‘Net neutrality’ continues to be a headline-grabbing topic in the political and public sphere. Coined by a Columbia University professor in 2003,[1] at its most basic level it describes the principle that all traffic on the internet should be treated equally, and that there should be no ‘gatekeepers’ or ‘toll roads’.

This can be an emotive topic for some who believe that a ’free internet’ is as sacrosanct as, or even a part of, the right to freedom of speech. The scare story, which consumer groups and many U.S. Democrats promote, is that the big bad cable and telecommunications (telco) companies will violate this principle and do things like:

  • Control what users can and cannot view online, potentially blocking access to some content, e.g. competitor services or opposing political views.
  • Create paid-for fast lanes for large internet companies such as Netflix, leaving everything else in a slow lane, consequently strangling innovation and competition from start-ups. The charges for fast lanes will likely be passed on by the internet companies to consumers.

In 2014, President Obama made a direct intervention to the supposedly independent regulator, the Federal Communications Commission (FCC), effectively forcing the then Chairman Tom Wheeler to perform a U-turn and reclassify internet providers as ‘common carriers’ in order to promote an “open and free” internet.[2] This meant that they came under ‘Title ll’ legislation, which is an 80-year-old communications statute that was designed to set the rates for telephone companies back in the 1930s. The main objection which the large cable and telco companies have with this is that it creates the risk of future broadband price controls by the FCC. That in turn, they believe, reduces visibility and supposedly curtails network investment.

Furthermore, many telcos feel that it is unfair that internet companies such as Netflix can dump huge amounts of data onto their networks at locations of their choosing. This can have a direct impact on network quality, and necessitates capital investment. So while the telecommunications industry may have no intention to block, censor or use discriminatory throttling, they make the case that they should be allowed to charge companies like Netflix a “fair price” for the extra demands placed on their network.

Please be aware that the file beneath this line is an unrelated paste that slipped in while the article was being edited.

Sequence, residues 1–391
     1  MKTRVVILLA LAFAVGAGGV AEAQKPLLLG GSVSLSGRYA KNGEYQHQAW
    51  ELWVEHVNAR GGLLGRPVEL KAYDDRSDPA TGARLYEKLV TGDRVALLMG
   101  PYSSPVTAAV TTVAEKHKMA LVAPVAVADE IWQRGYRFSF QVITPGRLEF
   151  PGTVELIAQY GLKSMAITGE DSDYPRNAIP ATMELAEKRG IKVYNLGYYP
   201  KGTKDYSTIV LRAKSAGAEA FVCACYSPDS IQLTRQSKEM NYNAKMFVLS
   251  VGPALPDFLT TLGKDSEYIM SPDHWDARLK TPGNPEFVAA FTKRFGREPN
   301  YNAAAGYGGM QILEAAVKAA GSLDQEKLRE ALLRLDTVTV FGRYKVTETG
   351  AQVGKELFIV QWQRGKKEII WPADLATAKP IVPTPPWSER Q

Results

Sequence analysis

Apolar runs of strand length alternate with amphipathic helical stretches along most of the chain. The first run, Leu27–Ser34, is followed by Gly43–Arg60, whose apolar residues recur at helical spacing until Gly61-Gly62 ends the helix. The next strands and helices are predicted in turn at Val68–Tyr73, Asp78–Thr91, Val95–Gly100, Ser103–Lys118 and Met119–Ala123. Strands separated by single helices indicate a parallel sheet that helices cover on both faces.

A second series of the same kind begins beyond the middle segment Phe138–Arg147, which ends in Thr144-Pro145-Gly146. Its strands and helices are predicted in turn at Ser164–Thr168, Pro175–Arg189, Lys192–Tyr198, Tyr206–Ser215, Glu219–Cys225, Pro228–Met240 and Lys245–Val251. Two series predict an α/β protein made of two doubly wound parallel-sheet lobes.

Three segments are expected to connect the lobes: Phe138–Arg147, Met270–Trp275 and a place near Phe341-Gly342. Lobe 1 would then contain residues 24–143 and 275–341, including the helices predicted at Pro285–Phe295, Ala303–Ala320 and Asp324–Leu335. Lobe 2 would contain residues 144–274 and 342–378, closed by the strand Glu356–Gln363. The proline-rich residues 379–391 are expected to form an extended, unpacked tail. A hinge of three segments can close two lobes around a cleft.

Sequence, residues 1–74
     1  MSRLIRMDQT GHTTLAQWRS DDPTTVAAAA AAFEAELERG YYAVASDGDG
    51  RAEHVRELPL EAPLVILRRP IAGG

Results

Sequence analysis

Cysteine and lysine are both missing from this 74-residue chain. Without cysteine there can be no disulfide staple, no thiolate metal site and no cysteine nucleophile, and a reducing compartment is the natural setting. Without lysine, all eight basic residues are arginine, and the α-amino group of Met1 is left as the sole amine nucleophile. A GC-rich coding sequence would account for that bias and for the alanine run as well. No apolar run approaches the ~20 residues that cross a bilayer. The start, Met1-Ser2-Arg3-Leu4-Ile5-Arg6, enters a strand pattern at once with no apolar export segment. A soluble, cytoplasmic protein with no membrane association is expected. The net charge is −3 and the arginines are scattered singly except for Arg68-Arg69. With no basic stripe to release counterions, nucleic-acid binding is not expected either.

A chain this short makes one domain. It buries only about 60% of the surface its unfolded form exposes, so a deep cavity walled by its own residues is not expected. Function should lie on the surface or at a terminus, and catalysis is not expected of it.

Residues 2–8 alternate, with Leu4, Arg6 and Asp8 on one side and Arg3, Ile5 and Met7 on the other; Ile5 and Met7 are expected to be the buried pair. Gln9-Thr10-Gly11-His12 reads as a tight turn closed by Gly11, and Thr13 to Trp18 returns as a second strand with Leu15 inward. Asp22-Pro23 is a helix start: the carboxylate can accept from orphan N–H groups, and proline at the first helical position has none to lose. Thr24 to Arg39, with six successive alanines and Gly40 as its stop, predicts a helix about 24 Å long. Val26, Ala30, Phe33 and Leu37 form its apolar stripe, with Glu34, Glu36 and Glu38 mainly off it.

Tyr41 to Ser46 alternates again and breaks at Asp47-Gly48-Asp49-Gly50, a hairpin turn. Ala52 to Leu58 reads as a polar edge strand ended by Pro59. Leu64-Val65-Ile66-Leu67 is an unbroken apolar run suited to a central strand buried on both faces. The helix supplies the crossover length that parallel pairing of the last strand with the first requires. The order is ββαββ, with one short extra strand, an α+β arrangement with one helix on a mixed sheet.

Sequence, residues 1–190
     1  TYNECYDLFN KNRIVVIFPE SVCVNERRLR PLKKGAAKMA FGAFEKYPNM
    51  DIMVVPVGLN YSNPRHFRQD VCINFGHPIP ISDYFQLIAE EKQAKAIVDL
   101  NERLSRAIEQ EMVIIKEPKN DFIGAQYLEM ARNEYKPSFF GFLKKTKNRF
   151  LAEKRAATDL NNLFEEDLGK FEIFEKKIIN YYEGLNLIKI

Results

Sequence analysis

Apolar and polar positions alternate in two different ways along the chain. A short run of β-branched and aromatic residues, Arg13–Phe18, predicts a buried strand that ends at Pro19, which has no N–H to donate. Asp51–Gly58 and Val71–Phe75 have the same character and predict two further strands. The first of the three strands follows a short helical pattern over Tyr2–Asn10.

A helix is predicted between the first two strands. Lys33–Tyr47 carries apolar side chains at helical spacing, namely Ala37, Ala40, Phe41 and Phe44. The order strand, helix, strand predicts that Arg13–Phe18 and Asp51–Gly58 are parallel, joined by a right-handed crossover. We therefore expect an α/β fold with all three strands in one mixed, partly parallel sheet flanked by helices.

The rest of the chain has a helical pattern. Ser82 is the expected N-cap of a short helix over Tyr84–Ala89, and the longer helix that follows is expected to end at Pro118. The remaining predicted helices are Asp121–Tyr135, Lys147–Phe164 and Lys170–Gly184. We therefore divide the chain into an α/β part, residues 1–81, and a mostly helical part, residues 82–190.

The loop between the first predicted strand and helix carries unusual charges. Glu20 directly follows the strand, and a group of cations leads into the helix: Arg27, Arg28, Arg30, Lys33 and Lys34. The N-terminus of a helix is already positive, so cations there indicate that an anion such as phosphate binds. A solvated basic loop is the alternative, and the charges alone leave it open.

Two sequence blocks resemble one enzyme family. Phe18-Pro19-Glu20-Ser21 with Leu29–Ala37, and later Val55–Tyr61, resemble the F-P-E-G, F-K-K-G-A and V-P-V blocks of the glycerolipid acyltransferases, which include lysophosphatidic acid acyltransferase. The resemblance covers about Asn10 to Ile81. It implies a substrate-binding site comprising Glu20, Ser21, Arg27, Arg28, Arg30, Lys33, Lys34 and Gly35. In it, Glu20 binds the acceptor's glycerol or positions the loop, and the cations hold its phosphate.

To some extent, we think this is about who funds network investment. Currently it is funded fully by end users via their broadband subscriptions, whereas many telco and cable companies believe that internet companies should pay at least part of the bill and have some cost attached to the data they transmit.    

The new administration in the U.S. is bringing about changes in this area. President Trump appointed Ajit Pai as Chairman of the FCC at the start of 2017. Mr. Pai is an open advocate of lighter regulation and is in the process of repealing the Title ll regulation for internet providers. This has faced a public backlash, which many technology companies have jumped on the back of, repeating the same old scare stories about the already disliked big cable companies getting control over what people see and do online.

Behind closed doors, we expect some large internet companies would probably admit that the ability to pay internet providers for preferential network access would be an attractive proposition. For what would probably be a relatively immaterial amount, it would potentially improve the experience for some of their users while creating a barrier to entry for smaller challengers.

While this makes for dramatic headlines and has been a political football for over a decade, we do not expect any dramatic changes to existing profit pools for either internet providers or the large internet/technology companies. It is worth watching closely though.

 

[1] https://papers.ssrn.com/sol3/papers.cfm?abstract_id=388863

[2] https://obamawhitehouse.archives.gov/node/323681

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